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Community members and family of Nicolas Morales Bessania, continue to seek justice months after his death

Posted at 7:50 PM, Feb 22, 2021
and last updated 2021-02-22 19:50:53-05

IMMOKALEE, Fla. — The fight for justice continues in Immokalee after the family of Nicolas Morales Bessania says justice has not been served.

Back in September, Bessania was shot and killed by Collier County Sheriff's Deputies after a 911 disturbance call was made to the Farmworkers Village Neighborhood around 1 in the morning.

Last week the Collier County Sheriff's Office released dash cam video after the State Attorney's office declared the use of force lawful and justifiable in the killing of Bessania.

Attorney Brent Probinsky representing the Bessania family says, this process is far from over.

“The fact that we had a man with a mental lapse, we had no detected assaults by him on anyone, no firearms supported by him, a suspicious person is what it was, and it should have ended in a peaceful manner,” said Brent Probinsky, attorney representing the Bessania family.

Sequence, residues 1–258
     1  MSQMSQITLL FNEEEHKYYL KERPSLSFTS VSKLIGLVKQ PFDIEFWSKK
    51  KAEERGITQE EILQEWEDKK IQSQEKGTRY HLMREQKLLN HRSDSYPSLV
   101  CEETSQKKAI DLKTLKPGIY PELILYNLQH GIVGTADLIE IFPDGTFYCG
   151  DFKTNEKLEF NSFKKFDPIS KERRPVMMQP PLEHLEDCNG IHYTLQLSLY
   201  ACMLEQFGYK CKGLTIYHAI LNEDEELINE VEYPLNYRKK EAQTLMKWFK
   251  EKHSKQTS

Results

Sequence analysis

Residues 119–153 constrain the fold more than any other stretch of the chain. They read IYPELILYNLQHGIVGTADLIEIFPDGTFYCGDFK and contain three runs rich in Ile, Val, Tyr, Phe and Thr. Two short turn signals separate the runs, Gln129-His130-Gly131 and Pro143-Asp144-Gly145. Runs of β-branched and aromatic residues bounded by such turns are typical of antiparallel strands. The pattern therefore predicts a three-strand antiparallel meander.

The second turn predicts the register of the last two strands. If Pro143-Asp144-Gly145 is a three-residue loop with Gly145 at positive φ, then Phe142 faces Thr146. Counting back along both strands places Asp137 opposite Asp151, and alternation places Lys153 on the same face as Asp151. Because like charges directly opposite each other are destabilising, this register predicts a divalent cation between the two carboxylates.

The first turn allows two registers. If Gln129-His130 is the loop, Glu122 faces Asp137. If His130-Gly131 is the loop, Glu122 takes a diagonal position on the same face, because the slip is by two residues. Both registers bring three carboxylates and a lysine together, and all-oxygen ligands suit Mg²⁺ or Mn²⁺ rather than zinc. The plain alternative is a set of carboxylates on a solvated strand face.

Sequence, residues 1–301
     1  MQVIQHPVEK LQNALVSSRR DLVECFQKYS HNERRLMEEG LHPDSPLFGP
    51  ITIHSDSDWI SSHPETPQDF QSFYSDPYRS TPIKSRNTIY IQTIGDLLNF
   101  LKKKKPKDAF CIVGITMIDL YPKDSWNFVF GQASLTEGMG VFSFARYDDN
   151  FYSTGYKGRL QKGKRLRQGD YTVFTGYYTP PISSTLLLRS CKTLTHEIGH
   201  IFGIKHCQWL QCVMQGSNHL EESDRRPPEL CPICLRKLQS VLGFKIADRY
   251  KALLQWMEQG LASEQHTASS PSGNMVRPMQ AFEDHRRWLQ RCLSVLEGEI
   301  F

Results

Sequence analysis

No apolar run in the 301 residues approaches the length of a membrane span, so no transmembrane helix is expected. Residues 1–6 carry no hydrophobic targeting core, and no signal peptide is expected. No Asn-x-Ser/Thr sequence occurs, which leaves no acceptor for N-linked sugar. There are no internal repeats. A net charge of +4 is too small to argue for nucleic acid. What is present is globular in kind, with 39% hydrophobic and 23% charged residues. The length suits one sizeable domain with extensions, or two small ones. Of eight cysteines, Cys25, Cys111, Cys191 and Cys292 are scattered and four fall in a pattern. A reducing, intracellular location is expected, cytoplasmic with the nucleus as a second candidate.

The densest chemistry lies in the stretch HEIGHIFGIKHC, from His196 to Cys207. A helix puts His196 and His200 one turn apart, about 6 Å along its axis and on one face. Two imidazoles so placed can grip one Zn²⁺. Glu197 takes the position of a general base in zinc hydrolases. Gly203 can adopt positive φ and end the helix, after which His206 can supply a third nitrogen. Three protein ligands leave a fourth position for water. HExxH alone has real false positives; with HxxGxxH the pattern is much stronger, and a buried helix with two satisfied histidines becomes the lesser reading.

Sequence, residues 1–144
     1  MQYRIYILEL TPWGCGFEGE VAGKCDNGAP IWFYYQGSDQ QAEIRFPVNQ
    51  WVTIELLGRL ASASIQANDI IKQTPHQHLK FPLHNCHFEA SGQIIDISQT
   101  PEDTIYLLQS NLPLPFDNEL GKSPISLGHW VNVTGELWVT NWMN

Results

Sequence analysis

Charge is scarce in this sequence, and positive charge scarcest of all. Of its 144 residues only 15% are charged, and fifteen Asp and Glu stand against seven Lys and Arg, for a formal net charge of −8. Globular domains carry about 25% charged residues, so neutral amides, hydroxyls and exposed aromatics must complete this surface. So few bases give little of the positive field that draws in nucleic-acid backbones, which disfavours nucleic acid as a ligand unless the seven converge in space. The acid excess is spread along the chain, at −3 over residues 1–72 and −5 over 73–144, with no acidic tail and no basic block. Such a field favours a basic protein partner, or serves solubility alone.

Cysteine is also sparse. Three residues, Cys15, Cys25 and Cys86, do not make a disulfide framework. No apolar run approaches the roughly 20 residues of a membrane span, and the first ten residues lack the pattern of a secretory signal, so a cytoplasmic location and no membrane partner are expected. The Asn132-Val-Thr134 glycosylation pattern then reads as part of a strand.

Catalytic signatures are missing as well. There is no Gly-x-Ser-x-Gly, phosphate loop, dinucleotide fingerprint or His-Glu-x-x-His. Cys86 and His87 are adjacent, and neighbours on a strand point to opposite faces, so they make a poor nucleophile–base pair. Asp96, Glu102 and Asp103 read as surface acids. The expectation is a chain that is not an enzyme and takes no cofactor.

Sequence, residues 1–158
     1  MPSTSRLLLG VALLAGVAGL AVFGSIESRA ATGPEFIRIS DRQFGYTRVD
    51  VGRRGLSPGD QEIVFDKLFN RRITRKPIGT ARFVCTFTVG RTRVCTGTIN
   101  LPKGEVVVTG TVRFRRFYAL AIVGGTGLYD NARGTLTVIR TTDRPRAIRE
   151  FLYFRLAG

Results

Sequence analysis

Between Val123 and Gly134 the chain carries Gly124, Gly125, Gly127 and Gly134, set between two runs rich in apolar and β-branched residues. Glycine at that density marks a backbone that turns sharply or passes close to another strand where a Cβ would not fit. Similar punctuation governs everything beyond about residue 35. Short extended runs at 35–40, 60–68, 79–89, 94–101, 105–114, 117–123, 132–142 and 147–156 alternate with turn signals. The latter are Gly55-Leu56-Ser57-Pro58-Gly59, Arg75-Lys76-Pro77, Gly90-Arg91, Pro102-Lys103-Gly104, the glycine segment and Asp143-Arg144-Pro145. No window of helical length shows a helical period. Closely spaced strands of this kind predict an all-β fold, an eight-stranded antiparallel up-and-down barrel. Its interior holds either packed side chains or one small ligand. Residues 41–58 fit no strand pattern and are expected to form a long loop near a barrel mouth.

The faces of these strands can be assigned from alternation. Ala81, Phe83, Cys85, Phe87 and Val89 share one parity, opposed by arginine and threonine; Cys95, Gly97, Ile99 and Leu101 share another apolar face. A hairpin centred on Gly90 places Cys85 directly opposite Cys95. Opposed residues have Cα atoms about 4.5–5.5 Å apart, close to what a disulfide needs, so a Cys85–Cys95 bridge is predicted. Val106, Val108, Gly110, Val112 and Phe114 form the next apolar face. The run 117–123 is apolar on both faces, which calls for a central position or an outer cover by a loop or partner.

The Lee County NAACP is also stepping in to seek justice, saying they are hoping to obtain, all video footage, and all audio recordings of each officer involved. The State Attorney’s investigatory report(s), including policies and procedures referencing the use or non-use of force, and de-escalation procedures, but also a closer look at the deputies involved.

“Maybe these officers have been involved in other situations that have happened in Immokalee or proably Naples? Is there a pattern that exists between these officers that were involved that night?,” said James Buchannon, 2nd Vice President of the Lee County NAACP.

Lastly the Coalition of Immokalee Workers says it too wants justice for Bessania and his family, but in the long run they are hoping to bridge a gap between the community and the police.

“If the police would just to listen to us, if police was to sit at the table with us and craft something that makes sense, and stop killings from continuing to happen here and everywhere in the country,” said Gerado Reyes Chavez, senior staff with the Coalition of Immokalee Workers.